Five Star TheoremsThere are no comments on this post.
Aug 24 2018, 16:35
Talks. Giving talks. We usually don't give talks about past research. Talks are meant to present recent research, things you've just finished, that you're finishing right now, that you've found out!
So often times, it seems, it is very tempting to talk about theorems that you haven't finished writing their proofs in full. Usaully, we put "work in progress" to indicate that this is something not fully verified, not fully vetted (at the very least by ourselves).
Natasha Dobrinen presented at the 2017 Arctic Set Theory meeting a "Theorem*", namely a theorem whose proof is 2/3 written, and has fairly solid structure laid out. It turns out that this notation is also due to Vera Fischer going as far back as 2012. But the two are independent on this discovery, which might as well be a folklore notation.
In this work we build on the Dobrinen–Fischer ideas to extend the notation.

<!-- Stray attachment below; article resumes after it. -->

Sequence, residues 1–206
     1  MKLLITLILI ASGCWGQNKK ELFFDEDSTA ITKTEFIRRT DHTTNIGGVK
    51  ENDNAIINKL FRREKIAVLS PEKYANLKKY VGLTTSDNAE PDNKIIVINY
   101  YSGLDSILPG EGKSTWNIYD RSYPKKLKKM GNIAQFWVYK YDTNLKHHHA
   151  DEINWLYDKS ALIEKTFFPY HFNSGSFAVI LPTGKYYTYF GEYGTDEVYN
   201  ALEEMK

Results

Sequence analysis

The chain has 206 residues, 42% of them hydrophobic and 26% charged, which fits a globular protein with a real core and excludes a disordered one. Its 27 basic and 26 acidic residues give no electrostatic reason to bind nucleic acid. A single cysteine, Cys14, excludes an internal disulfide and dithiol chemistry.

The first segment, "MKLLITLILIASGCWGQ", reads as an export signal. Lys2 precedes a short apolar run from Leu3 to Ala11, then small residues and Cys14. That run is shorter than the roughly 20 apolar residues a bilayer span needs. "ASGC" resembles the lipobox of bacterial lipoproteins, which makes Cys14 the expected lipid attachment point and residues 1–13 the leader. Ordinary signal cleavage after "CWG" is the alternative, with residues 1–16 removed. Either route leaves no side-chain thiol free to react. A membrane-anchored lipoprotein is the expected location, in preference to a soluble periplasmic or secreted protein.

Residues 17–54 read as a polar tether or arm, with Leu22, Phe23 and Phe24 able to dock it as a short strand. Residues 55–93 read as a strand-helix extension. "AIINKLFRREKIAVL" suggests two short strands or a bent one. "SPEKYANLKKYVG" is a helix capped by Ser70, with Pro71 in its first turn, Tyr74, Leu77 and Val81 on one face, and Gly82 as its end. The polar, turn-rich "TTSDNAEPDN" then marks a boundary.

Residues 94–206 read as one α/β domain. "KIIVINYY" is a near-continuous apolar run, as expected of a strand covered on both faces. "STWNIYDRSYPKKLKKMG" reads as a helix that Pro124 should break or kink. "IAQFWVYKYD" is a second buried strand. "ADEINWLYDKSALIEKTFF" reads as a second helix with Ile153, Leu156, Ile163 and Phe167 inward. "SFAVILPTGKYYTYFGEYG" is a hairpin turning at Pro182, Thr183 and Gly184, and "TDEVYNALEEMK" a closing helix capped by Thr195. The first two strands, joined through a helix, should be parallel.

- Theorem: this is a statement whose proof has been written down, preferably it was read by a few people and received a modicum of approval.
- Theorem*: this is the Dobrinen–Fischer notation, this is a theorem whose proof has been laid down, and written to a reasonable point, but not entirely.
- Theorem**: this is a statement whose proof has some structure, but only a little bit of content. We have a general strategy for attacking the problem, we have proved some preliminary lemmas and propositions, but the bulk of the proof is still not written down in a statisfactory manner.
- Theorem***: this is a statement whose proof does not exist, but a proof strategy does. We have a good idea as to how to prove the statement, and we have evidence as why this should work. But we don't have an exact outline or lemmas.
- Theorem****: this is just a conjecture, a hypothesis. We have a statement, and we have a strong feeling as to why it is true, but nothing more.
- Theorem*****: this is an open question, whose answer is wide open.
Thus, we obtain the following easy corollary.
Corollary. A five stars theorem is an open question.
I like this system, for talks, anyway. I wouldn't want to see it catching on in the literature itself.
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